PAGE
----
With Our Backs to the Wall: Victory and Defeat in 1918

With Our Backs to the Wall: Victory and Defeat in 1918❮Reading❯ ➶ With Our Backs to the Wall: Victory and Defeat in 1918 ➮ Author David Stevenson – Jobs-in-kingston.co.uk The author tells the story of the final year of the First World War, and goes to the roots of this dramatic reversal of fortune, analysing the reasons for Allied success and the collapse of Germany an The author tells Backs to MOBI ò the story of the final year of the First World War, and goes to the roots of this dramatic reversal of fortune, analysing the reasons for Allied success and the collapse of Germany and its partners Everything from food supply to finance, from strategy With Our PDF or to technology, logistics and morale is explored. Historians have spilled a great deal of ink discussing the causes of the First World War, but rather less than they should analyzing the conflict s end, which, author David Stephenson observes in this 2011 study, proved muchsudden and decisive than the combatants expected Stevenson did a great deal of research for this book, and spares the reader none of it His densely detailed narrative and reluctance to draw sharp conclusions make it difficult to summarize his findings At the risk of Historians have spilled a great deal of ink discussing the causes of the First World War, but rather less than they should analyzing the conflict s end, which, author David Stephenson observes in this 2011 study, proved muchsudden and decisive than the combatants expected Stevenson did a great deal of research for this book, and spares the reader none of it His densely detailed narrative and reluctance to draw sharp conclusions make it difficult to summarize his findings At the risk of oversimplification, though, I ll give it a try 1 Germany s 1918 offensive very nearly bled its army to death Forced marches, inadequate supplies, and Spanish flu halted all of the Western Front offensives of well short of any strategically important cities, and left the German army in an exposed position when the Allied counterattack came.2 Germany wasn t fully able to capitalize on the Russian surrender at Brest Litovsk because of its need to occupy resource rich Ukraine, and Wilhelm II s desire to keep an army in the Baltic for a counterrevolutionary coup against the Bolsheviks This tied down divisions that might have made a difference in the West.3 The Allied counteroffensive of July October 1918 benefited from superior resources and high morale By 1918 Britain and France had a surplus of horses, cargo trucks, and oil, all of which allowed them quickly to move large numbers of troops through breakthrough points British and French tanks, while too slow to conduct 1940 style overrun attacks, did provide Allied infantry with moving bulletproof shields to walk behind Fresh troops from America dramatically heightened Allied morale, especially since no one had expected them to arrive in large numbers before 1919.4 The Central Powers were all famished by 1918, thanks to transport problems and Allied blockades Food shortages contributed to the collapse of Germany s allies in the summer and fall of 1918 and to the mutinies and riots that brought down the German government Soldiers can t fight on empty stomachs Meanwhile, the Allies made some effort to keep one another supplied with food and fuel.What ended Imperial Germany s bid for European hegemony, then, was not the political stab in the back that Adolf Hitler alleged, but conventional strategic and logistical problems It bit offterritory than its armies could chew in Eastern Europe, its allies were poor and politically fragile, and in the end its military leaders staked everything on a massive end game offensive during a war in which offensives proved murderously difficult The biggest surprise here is that the Allies themselves felt deep anxiety throughout 1918, suffering from their own transportation problems, worried about potential losses in a 1919 campaign, and convinced that Germany remained strong This explains, Stevenson notes, why they were willing to grant an armistice admittedly, a punitive one rather than drive on to Berlin, with the result that political opportunists and rabble rousers had the time to claim that Germany s defeat was not the military s fault I had such high hopes for this book I found it in the library and I was sure I was going to love it I didn t love itI persevered through it It is a VERY comprehensive account of WWI which could have been so muchinteresting In some parts it felt like a dry, outdated high school history book Then he surprised me with very fascinating chapters that kept me going It was good to read I suppose, but I only finished it because I felt like it would be good for me Kindof like eating my sp I had such high hopes for this book I found it in the library and I was sure I was going to love it I didn t love itI persevered through it It is a VERY comprehensive account of WWI which could have been so muchinteresting In some parts it felt like a dry, outdated high school history book Then he surprised me with very fascinating chapters that kept me going It was good to read I suppose, but I only finished it because I felt like it would be good for me Kindof like eating my spinach Good look at the last year of WW I, and not just the military operations Stevenson looks at the econmics, social changes, and how events affected the home front which in turn affected the moral of the troops at the front He also doesn t confine himself France Flanders, but looks at all of the theaters of the war.I think it is very well researched, but a little dry Like a lot of books that are exhaustively researched sometimes you can t see the forest for the trees Worth the read though When World War I began, the participants expected glorious victory in a fairly short, decisive time and as a result of a war of maneuver The war ended as an endurance contest between two long suffering, dug in, reeling combatants following almost four years of deadlock and attrition The Allies outlasted the Central Powers because of greater resources, barely better morale better than it should have been until the Ypres campaign , and the arrival of a flood of American troops and materiel Ste When World War I began, the participants expected glorious victory in a fairly short, decisive time and as a result of a war of maneuver The war ended as an endurance contest between two long suffering, dug in, reeling combatants following almost four years of deadlock and attrition The Allies outlasted the Central Powers because of greater resources, barely better morale better than it should have been until the Ypres campaign , and the arrival of a flood of American troops and materiel Stevenson offers a history of the war s last year that focuses on the morale issues, the matters of materiel, the degree of social stress each combatant nation felt, not on military matters primarily Some have complained that the book isn t sufficiently exciting or that it doesn t draw sharper, harder conclusions It seems plenty hard and sharp to me, and the combination of history and analysis is pretty impressive Stevenson makes a complex set of interlocking arguments to describe an incredibly complex war His analysis of the war s impact on women, and their contribution to the war effort is clearly important, as is his analysis of the state of the naval war in 1918 and it s impact on the blockade of the Central Powers There isn t a chapter in the book that isn t worth reading and reflecting about Good historical book with facts and information not normally seen about WWI Unfortunately, the title is misleading making one think you are reading a book that discusses how the Allies militarily fought and won the war in 1918 Instead only about a 3rd of the book is about the actual fighting, while the rest concerns comparison of many facts figures of industry, morale, leadership, etc that affected the war s outcome These are useful for the avid historian, but a bit dry and again not what Good historical book with facts and information not normally seen about WWI Unfortunately, the title is misleading making one think you are reading a book that discusses how the Allies militarily fought and won the war in 1918 Instead only about a 3rd of the book is about the actual fighting, while the rest concerns comparison of many facts figures of industry, morale, leadership, etc that affected the war s outcome These are useful for the avid historian, but a bit dry and again not what one expects from the title and book synopsis As such an avid historian I therefore give this book an ok 3 stars for the useful historical reference data, but lacks a good narrative and interesting personal stories that make for a truly good or great historical novel Didn t care for this book at all.The military analysis of both the German Allied offensives of 1918 was really interesting but there was to little of it The author spent to much time analyzing everything else from inteligence changes to logisitics to the political dynamic that he forgot to actually put some life into his prose tell us why we should have cared which is a shame because the topics s were rife w possibilities but ultimately disappoints Didn t care for this book at all.The military analysis of both the German Allied offensives of 1918 was really interesting but there was to little of it The author spent to much time analyzing everything else from inteligence changes to logisitics to the political dynamic that he forgot to actually put some life into his prose tell us why we should have cared which is a shame because the topics s were rife w possibilities but ultimately disappoints Very comprehensive account of ending of WWI but approach of middle chapters seemed a bit repetitive Needs and does in the end reward perseverance. This book was not what I expected Given the title, I thought the focus throughout would be on the military and political events of 1918 However, only the first 170 pages and the last chapter of 36 pages dealt specifically with those topics The intervening 339 pages discussed much broader topics related, in the author s view, to how each side managed and fought the war, covering such areas as logistics, the mobilization of the home front, using propaganda and censorship to maintain morale and This book was not what I expected Given the title, I thought the focus throughout would be on the military and political events of 1918 However, only the first 170 pages and the last chapter of 36 pages dealt specifically with those topics The intervening 339 pages discussed much broader topics related, in the author s view, to how each side managed and fought the war, covering such areas as logistics, the mobilization of the home front, using propaganda and censorship to maintain morale and pro war sentiment, suppressing dissent, etc Much of this material was interesting but much of it was also dry economics To me, this book is better read and studied by academicians and less so by lay readers who areinterested in the material that was condensed into the first 170 pages This is a very detailed look at the last year of World War One It s not for the casual history reader who wants a quick synopsis The author is extremely knowledgeable and dives into all aspects of the conflict from a civilian and military perspective The reading is dense with analysis throughout. This book has to be one of the most well researched and comprehensive books that I have ever read about the First World War That said, this is not a beginners book The author goes into great detail not only about the offenses of 1918 but also full of just sticks of the combatants, the war at sea, the homefront, and political realities of the nations involved.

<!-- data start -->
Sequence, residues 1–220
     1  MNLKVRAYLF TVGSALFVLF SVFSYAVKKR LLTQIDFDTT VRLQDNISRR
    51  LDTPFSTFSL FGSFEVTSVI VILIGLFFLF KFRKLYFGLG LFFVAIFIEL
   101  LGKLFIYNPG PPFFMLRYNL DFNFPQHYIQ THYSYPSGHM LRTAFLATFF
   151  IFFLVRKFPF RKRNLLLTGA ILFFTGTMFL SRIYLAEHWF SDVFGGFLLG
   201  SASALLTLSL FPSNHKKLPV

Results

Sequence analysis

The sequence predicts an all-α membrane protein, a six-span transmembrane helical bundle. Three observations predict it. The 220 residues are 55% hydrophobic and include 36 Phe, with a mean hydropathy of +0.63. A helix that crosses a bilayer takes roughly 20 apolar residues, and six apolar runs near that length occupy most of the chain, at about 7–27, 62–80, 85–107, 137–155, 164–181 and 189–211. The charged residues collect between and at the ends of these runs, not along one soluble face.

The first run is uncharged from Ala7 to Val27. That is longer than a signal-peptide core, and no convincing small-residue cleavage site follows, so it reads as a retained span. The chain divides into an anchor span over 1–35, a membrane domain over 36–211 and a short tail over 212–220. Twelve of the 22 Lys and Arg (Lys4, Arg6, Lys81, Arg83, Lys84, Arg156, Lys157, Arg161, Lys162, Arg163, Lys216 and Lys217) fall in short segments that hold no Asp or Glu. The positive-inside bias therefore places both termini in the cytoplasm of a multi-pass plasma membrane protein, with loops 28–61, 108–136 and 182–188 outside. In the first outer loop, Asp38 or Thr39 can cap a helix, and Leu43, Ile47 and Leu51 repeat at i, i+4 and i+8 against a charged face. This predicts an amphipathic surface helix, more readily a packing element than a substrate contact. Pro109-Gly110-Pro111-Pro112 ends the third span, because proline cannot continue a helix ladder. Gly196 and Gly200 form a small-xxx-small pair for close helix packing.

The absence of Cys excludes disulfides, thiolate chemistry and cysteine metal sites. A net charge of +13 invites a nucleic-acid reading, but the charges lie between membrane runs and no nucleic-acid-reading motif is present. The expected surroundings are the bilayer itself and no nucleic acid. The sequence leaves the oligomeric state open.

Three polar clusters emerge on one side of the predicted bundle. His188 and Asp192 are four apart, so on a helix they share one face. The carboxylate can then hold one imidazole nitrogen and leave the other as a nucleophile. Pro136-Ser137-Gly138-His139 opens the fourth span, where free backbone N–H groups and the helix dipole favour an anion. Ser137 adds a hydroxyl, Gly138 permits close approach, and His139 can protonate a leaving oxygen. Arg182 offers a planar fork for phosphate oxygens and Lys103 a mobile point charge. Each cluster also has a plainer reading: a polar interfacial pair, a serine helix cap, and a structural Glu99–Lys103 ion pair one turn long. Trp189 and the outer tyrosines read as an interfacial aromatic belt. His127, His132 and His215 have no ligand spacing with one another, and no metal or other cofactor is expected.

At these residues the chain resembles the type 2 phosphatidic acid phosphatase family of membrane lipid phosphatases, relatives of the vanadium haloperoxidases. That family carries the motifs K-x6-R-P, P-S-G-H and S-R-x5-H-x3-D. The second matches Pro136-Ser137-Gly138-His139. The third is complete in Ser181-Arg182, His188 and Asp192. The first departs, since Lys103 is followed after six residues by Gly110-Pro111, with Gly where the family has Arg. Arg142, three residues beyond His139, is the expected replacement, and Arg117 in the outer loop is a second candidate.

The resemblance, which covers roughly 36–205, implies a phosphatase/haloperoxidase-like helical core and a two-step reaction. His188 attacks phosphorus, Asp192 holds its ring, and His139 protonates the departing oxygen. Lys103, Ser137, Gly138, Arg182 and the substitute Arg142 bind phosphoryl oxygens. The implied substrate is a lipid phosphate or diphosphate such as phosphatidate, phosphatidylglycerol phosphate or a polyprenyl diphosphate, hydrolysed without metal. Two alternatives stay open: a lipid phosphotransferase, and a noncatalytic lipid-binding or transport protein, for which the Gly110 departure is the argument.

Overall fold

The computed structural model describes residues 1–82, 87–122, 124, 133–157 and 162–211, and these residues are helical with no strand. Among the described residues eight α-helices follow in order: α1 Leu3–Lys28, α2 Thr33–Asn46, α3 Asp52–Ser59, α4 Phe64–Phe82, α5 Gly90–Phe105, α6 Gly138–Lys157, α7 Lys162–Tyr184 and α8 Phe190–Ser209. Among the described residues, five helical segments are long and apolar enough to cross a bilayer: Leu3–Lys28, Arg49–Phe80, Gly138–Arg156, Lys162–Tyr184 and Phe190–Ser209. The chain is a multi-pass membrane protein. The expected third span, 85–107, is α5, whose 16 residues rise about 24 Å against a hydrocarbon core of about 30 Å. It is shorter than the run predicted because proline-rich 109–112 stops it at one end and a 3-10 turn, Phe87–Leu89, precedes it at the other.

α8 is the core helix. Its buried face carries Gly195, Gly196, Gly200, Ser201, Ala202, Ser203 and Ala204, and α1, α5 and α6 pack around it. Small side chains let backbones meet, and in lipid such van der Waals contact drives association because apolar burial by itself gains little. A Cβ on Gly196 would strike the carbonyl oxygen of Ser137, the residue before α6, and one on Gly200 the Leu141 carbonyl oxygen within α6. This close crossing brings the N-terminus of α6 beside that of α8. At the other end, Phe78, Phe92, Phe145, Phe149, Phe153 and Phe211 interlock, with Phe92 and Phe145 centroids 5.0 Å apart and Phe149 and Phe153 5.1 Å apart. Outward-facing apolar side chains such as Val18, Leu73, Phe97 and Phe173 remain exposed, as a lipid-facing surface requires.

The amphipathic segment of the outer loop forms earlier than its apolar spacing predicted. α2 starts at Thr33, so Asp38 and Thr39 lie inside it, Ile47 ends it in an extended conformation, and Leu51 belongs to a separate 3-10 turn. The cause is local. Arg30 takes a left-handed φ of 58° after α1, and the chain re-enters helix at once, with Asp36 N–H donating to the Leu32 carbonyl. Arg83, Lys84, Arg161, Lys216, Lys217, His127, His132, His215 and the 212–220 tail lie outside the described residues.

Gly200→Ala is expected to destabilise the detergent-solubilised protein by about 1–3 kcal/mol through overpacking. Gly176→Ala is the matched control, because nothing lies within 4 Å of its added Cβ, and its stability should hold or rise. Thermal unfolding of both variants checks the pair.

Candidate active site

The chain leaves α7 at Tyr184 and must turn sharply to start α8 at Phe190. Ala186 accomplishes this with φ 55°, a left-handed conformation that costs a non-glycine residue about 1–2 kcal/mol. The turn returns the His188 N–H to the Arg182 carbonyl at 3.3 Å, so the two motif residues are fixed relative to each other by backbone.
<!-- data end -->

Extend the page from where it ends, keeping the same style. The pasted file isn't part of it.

With Our Backs to the Wall: Victory and Defeat in 1918
  • Hardcover
  • 688 pages
  • With Our Backs to the Wall: Victory and Defeat in 1918
  • David Stevenson
  • English
  • 10 November 2018
  • 0713998407